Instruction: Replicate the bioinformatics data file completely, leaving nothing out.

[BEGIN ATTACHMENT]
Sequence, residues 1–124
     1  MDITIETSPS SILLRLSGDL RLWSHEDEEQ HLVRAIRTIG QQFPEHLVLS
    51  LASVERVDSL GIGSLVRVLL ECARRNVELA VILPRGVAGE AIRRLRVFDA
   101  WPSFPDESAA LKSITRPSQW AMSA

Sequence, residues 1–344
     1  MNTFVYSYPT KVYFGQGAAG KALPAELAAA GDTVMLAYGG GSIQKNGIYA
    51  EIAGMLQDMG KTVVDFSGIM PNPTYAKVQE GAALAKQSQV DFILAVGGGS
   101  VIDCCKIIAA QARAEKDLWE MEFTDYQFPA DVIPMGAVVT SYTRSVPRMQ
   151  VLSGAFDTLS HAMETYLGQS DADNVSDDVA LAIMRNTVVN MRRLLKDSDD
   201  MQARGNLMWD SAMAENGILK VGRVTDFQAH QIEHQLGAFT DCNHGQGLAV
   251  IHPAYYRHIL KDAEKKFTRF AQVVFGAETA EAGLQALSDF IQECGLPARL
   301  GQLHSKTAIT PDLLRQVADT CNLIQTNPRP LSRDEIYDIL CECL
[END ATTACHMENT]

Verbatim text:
Sequence, residues 1–124
     1  MDITIETSPS SILLRLSGDL RLWSHEDEEQ HLVRAIRTIG QQFPEHLVLS
    51  LASVERVDSL GIGSLVRVLL ECARRNVELA VILPRGVAGE AIRRLRVFDA
   101  WPSFPDESAA LKSITRPSQW AMSA

Sequence, residues 1–344
     1  MNTFVYSYPT KVYFGQGAAG KALPAELAAA GDTVMLAYGG GSIQKNGIYA
    51  EIAGMLQDMG KTVVDFSGIM PNPTYAKVQE GAALAKQSQV DFILAVGGGS
   101  VIDCCKIIAA QARAEKDLWE MEFTDYQFPA DVIPMGAVVT SYTRSVPRMQ
   151  VLSGAFDTLS HAMETYLGQS DADNVSDDVA LAIMRNTVVN MRRLLKDSDD
   201  MQARGNLMWD SAMAENGILK VGRVTDFQAH QIEHQLGAFT DCNHGQGLAV
   251  IHPAYYRHIL KDAEKKFTRF AQVVFGAETA EAGLQALSDF IQECGLPARL
   301  GQLHSKTAIT PDLLRQVADT CNLIQTNPRP LSRDEIYDIL CECL